Social Security Administration: ‘Endocrine Disorders No Longer on Our Listing of Impairments for Disability Benefits’

by Staff | June 7th, 2011

The Social Security Administration has removed endocrine disorders from the Listing of Impairments it uses when reviewing applications for Social Security Disability Insurance (SSDI) or Supplemental Security Income (SSI). This change is effective today.

The SSA uses its Listing of Impairments to determine if an applicant has a medical condition severe enough that he can be presumed unable to perform any gainful activity and is thusly disabled. Another qualifying factor: The inability to work must endure for at least 12 months or be expected to end in death.

The SSA announced this change to its Listing of Impairments in April.

In an announcement, the agency said, “We are revising the listings for endocrine disorders because medical science has made significant advances in detecting endocrine disorders at earlier stages and newer treatments have resulted in better management of these conditions. Consequently, most endocrine disorders do not reach listing-level severity because they do not become sufficiently severe or do not remain at a sufficient level of severity long enough to meet our 12-month duration requirement.”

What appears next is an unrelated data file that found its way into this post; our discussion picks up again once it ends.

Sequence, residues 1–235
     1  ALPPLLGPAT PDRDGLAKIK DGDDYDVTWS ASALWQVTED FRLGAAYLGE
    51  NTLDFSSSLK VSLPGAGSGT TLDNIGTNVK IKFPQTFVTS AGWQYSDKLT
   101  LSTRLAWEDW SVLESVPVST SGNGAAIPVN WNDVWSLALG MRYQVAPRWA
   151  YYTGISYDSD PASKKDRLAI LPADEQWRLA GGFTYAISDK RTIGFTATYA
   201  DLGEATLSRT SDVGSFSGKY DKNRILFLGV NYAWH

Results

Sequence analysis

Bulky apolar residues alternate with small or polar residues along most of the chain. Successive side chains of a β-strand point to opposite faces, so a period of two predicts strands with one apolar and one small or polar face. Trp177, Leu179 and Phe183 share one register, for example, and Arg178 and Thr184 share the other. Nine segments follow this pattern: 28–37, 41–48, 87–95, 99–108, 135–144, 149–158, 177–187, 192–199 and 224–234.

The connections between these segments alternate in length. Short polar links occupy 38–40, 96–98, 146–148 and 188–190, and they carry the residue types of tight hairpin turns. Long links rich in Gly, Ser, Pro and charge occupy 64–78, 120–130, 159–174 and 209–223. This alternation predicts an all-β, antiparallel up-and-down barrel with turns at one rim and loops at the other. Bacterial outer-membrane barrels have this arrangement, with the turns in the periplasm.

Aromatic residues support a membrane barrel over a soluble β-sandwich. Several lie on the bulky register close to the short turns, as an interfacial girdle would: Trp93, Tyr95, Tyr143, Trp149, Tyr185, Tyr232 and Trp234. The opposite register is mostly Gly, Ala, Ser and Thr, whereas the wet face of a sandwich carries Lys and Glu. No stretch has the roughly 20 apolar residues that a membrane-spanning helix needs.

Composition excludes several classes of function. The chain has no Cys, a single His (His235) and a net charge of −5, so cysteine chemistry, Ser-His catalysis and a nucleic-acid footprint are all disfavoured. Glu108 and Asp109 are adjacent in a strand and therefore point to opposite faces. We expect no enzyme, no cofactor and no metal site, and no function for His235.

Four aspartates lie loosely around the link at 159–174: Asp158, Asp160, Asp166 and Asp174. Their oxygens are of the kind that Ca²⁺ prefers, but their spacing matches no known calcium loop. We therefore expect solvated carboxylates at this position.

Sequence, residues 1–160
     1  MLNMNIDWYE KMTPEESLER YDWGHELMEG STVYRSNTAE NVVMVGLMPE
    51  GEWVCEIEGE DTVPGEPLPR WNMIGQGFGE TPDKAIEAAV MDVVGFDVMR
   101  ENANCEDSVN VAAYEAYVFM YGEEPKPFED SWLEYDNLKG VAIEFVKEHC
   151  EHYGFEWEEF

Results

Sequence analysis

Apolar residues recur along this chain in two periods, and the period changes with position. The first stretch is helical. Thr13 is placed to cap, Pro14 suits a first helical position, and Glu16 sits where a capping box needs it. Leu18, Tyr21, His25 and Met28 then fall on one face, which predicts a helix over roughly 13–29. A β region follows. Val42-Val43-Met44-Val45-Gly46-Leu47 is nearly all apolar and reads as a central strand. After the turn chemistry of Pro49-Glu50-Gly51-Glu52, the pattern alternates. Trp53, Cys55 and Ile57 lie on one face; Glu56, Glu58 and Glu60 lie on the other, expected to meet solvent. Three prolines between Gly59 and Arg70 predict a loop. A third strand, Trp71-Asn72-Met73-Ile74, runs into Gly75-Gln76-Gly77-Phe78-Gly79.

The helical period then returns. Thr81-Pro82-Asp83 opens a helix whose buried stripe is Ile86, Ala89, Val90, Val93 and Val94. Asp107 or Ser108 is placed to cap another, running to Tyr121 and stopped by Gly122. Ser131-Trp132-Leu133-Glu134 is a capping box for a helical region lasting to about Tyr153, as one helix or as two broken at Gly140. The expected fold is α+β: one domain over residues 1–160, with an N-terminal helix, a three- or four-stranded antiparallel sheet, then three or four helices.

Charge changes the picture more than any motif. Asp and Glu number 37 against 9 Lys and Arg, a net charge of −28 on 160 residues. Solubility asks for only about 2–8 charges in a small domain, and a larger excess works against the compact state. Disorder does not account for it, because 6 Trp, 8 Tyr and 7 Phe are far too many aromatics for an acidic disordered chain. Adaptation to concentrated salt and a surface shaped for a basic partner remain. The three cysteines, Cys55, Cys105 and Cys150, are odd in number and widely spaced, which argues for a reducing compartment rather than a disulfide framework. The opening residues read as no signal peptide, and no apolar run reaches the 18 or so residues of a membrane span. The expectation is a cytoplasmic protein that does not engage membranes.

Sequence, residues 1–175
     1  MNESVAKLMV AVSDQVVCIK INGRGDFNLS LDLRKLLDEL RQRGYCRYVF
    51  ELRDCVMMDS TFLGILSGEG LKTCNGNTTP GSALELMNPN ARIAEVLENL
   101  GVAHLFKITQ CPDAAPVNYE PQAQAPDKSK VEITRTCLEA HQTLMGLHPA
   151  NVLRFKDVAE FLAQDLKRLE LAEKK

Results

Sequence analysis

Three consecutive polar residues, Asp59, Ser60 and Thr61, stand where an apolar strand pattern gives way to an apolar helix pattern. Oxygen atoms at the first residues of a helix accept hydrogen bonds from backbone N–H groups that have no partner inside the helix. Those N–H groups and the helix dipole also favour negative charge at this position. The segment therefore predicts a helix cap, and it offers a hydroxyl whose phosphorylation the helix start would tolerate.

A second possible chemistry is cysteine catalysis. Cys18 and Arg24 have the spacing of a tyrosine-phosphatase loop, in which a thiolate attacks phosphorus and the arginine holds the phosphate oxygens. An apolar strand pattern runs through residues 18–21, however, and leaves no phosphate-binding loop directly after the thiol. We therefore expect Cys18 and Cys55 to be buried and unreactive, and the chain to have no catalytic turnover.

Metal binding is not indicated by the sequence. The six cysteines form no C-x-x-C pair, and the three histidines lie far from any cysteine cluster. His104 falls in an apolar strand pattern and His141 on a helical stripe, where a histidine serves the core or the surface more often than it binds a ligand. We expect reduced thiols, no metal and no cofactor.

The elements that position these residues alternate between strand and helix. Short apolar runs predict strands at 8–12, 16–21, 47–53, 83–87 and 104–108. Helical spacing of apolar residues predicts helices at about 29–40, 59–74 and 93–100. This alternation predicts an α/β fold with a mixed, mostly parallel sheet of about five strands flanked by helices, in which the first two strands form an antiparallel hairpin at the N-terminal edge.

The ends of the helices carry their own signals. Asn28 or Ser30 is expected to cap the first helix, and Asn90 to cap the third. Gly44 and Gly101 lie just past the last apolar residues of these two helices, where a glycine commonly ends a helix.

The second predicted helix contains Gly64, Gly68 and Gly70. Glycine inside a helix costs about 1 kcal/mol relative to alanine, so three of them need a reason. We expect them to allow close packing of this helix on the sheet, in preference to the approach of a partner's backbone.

This change doesn’t necessarily mean that those with endocrine disorders won’t qualify for benefits, as they may now qualify for benefits within the requirements of another listing. For example, if a person with diabetes has one of the disease’s severe symptoms—blindness or amputation—they will now be evaluated with the medical listings that pertain to those symptoms specifically. Diabetes-related amputations will now be evaluated under musculoskeletal disorders, while diabetic nephropathy will be evaluated under genitourinary listings.

Read more.

Do you think endocrine disorders should remain on the Listing of Impairments?

If you need help with your Social Security benefits, contact the Social Security Disability lawyers at Fleschner, Stark, Tanoos & Newlin.

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